An Inferno Wrap® is the tool you need to treat your sore shoulder because it speeds healing and relaxes the surrounding muscles. With BFST®, tissues are safely and gently stimulated. Your body responds with a rapid increase in blood flow to the area, increasing the supply of oxygen and nutrients to injured cells to promote healing. Our Shoulder Inferno Wrap® provides effective, non-invasive, non-addictive pain relief and healing with no side effects.
In addition, the improved blood flow whisks away dead cells and toxins that have built up from the injury. When you stop moving your arm and shoulder due to shoulder pain, your muscles and other tissue can become weaker and dead cells and toxins in the area can cause further tissue deterioration - this can lead to atrophy. By clearing the area of toxins and increasing the amount of oxygen and nutrients to your muscle and other tissue, the risk of atrophy (muscle weakness and/or deterioration) is greatly reduced. Keeping your upper arm, shoulder and rotator cuff tissue as healthy as possible throughout the healing process will allow you to improve shoulder strength again once your pain has gone and your injury has healed.
Click here to learn more about how BFST® and Inferno Wraps® work.
With these easy-to-use, home therapies, cold compression and BFST®, you will notice significantly reduced pain and an incredible improvement in your rotator cuff range of motion.
During your recovery, you may have to modify and/or eliminate any activities that cause pain or discomfort in your rotator cuff area until your pain and inflammation settle, and you gain more mobility and strength in your shoulder. The more diligent you are with your treatment and rehabilitation, the faster you will see successful results!
Remember: We recommend that you consult your doctor and/or physiotherapist before using any of our outstanding products, to make sure they're right for you and your condition.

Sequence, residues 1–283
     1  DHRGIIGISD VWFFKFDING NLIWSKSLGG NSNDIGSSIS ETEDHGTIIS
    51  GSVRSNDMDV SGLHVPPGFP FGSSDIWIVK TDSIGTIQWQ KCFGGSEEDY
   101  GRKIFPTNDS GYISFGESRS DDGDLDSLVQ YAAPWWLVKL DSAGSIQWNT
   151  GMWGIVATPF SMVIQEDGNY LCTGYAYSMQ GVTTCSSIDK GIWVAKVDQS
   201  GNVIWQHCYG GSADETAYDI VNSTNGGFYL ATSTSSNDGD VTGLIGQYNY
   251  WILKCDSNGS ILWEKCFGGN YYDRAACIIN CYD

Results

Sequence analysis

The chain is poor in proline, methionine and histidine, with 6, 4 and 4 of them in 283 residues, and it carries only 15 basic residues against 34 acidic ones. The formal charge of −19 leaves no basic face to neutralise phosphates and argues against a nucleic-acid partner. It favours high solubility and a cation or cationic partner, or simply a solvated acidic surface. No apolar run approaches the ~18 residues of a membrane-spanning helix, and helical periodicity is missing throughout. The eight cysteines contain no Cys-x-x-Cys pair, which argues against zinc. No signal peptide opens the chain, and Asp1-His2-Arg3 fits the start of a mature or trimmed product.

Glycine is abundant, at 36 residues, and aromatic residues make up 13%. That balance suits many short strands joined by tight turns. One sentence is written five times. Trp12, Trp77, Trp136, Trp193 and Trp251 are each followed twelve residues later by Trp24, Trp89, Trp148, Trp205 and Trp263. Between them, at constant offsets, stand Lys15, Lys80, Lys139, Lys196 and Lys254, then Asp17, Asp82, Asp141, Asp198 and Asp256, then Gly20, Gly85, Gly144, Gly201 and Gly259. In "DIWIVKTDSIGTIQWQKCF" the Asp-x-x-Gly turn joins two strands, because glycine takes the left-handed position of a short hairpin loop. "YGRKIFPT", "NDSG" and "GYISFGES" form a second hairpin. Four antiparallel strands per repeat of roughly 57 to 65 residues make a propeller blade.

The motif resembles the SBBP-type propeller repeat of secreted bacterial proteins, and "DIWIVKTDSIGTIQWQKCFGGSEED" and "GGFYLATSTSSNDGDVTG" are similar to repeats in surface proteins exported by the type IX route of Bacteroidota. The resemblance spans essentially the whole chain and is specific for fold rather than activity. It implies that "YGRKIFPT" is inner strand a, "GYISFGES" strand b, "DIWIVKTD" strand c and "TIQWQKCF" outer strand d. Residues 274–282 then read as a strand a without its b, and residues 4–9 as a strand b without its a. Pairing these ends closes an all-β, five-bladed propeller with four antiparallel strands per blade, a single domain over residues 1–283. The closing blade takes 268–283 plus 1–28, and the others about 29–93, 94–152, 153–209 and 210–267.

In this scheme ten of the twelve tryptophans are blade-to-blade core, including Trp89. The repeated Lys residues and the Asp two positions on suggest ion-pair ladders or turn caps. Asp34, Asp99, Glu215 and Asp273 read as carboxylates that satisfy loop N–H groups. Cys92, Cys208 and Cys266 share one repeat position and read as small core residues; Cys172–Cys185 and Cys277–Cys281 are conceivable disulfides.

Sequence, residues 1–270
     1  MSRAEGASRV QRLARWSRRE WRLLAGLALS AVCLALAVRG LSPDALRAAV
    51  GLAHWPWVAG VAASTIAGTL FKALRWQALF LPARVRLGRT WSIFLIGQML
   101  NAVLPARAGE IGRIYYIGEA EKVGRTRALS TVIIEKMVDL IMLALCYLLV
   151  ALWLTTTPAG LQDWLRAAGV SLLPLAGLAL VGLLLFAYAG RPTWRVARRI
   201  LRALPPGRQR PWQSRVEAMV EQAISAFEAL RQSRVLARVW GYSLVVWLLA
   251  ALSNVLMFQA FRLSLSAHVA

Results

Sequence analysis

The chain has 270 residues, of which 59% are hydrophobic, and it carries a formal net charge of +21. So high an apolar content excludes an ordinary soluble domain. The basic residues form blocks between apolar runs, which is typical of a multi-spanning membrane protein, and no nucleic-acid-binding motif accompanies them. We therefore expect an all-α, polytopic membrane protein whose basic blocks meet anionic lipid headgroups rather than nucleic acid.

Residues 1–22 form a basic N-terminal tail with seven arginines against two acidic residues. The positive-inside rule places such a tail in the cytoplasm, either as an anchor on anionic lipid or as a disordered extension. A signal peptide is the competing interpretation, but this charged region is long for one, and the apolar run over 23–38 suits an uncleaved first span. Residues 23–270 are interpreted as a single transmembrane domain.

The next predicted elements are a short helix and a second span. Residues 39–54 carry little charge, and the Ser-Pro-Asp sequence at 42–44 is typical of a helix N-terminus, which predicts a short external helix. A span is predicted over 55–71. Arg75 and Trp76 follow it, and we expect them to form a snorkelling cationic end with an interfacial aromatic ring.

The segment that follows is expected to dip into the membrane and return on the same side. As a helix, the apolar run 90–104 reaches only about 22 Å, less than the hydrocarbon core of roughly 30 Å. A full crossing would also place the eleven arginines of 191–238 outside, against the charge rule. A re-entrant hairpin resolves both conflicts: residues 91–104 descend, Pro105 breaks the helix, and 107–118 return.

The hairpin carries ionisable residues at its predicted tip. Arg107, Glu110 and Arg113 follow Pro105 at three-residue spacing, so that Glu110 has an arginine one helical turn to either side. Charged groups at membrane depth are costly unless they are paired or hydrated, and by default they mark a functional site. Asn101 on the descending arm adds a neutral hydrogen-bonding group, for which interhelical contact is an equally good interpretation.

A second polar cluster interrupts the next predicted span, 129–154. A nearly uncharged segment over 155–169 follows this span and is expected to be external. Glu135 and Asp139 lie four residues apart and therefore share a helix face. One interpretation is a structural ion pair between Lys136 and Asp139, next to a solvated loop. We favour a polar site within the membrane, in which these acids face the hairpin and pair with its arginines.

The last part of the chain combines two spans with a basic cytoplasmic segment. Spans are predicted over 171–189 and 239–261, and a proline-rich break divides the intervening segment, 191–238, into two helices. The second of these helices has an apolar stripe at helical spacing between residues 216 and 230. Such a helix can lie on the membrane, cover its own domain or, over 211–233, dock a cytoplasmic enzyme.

Physical therapy is a beneficial way to help decrease pain in the soft tissues, restore atrophied muscles and improve shoulder strength and mobility. The type of physical therapy and the duration will be dependent on your injury.
Once your pain starts to diminish, a physiotherapist can set up an individualized rotator cuff strengthening and stretching exercise program for you to perform at home or in the gym. This will be based on your needs and abilities, and will help you return to performing your normal routines.
Individuals will often lift weights on their own, to try and build up their shoulder strength. However, in doing so, they can do more damage to their shoulder. It is extremely important to strengthen your muscles properly, as they may have weakened during the period of non-use. A trained therapist will help to ensure your rehabilitation process is effective. For fast and effective results, use BFST® in conjunction with physical therapy and an exercise program.
NSAIDs (Non-steroidal anti-inflammatory drugs) can be used if required to help manage your pain and inflammation. However, these aren't recommended for long term use, as they can cause gastrointestinal difficulties. Some health professionals have also recommended natural supplements such as glucosamine, MSM or hyaluronic acid to help strengthen the injured tissue.
The use of a Shoulder Freezie Wrap® can greatly reduce, if not eliminate, the need for NSAIDs. Cold compression therapy is a natural, less harmful way to reduce your pain and inflammation.
Once the initial swelling has decreased, you can provide pain relief and improve your arm function by using an Inferno Wrap® to increase the blood flow to the area. Gentle massage around the injured area or small shoulder movements (if not painful) will also help increase blood flow, oxygen and nutrients and will prevent stiffness. To increase your comfort and prevent further damage, you may want to stabilize your arm by using a shoulder sling or brace to avoid unpredictable movements.
Please be aware that this information is neither intended nor implied to be a substitute for professional medical advice. CALL YOUR HEALTHCARE PROVIDER IMMEDIATELY IF YOU THINK YOU MAY HAVE A MEDICAL EMERGENCY. Always seek the advice of your physician or other qualified health provider before starting any new treatment or with any questions you may have regarding a medical condition.